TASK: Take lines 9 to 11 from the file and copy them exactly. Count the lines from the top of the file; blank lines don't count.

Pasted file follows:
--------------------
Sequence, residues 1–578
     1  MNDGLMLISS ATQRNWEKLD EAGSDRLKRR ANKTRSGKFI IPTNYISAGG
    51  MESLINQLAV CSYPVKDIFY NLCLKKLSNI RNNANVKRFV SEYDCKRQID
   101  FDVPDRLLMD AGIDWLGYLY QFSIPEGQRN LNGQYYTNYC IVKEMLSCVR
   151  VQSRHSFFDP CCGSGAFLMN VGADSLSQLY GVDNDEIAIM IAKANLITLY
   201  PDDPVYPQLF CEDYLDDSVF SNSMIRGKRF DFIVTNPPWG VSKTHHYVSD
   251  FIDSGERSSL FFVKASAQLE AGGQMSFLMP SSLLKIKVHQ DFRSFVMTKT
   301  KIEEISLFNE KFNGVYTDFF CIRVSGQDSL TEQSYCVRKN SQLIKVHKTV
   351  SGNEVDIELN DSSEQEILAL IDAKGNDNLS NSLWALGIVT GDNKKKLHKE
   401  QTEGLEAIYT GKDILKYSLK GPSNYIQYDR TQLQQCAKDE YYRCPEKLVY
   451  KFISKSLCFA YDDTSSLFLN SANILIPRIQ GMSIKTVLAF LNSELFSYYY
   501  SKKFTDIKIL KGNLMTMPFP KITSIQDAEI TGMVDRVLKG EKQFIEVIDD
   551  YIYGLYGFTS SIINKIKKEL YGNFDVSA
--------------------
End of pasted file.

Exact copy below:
   351  SGNEVDIELN DSSEQEILAL IDAKGNDNLS NSLWALGIVT GDNKKKLHKE
   401  QTEGLEAIYT GKDILKYSLK GPSNYIQYDR TQLQQCAKDE YYRCPEKLVY
   451  KFISKSLCFA YDDTSSLFLN SANILIPRIQ GMSIKTVLAF LNSELFSYYY